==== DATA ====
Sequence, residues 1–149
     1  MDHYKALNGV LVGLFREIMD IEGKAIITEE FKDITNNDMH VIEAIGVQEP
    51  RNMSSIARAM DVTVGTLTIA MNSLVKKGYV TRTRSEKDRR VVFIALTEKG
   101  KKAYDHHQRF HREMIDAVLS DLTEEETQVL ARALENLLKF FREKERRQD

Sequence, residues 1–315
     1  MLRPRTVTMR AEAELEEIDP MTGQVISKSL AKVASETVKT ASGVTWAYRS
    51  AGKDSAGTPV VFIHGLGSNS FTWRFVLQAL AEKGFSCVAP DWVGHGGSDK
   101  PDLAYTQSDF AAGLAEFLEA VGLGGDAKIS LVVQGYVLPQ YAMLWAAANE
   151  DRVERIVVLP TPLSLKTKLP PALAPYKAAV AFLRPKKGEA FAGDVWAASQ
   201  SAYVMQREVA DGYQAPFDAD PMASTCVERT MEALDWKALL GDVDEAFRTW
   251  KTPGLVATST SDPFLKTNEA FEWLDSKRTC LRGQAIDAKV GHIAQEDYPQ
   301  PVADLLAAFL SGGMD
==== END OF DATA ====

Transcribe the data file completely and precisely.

Sequence, residues 1–149
     1  MDHYKALNGV LVGLFREIMD IEGKAIITEE FKDITNNDMH VIEAIGVQEP
    51  RNMSSIARAM DVTVGTLTIA MNSLVKKGYV TRTRSEKDRR VVFIALTEKG
   101  KKAYDHHQRF HREMIDAVLS DLTEEETQVL ARALENLLKF FREKERRQD

Sequence, residues 1–315
     1  MLRPRTVTMR AEAELEEIDP MTGQVISKSL AKVASETVKT ASGVTWAYRS
    51  AGKDSAGTPV VFIHGLGSNS FTWRFVLQAL AEKGFSCVAP DWVGHGGSDK
   101  PDLAYTQSDF AAGLAEFLEA VGLGGDAKIS LVVQGYVLPQ YAMLWAAANE
   151  DRVERIVVLP TPLSLKTKLP PALAPYKAAV AFLRPKKGEA FAGDVWAASQ
   201  SAYVMQREVA DGYQAPFDAD PMASTCVERT MEALDWKALL GDVDEAFRTW
   251  KTPGLVATST SDPFLKTNEA FEWLDSKRTC LRGQAIDAKV GHIAQEDYPQ
   301  PVADLLAAFL SGGMD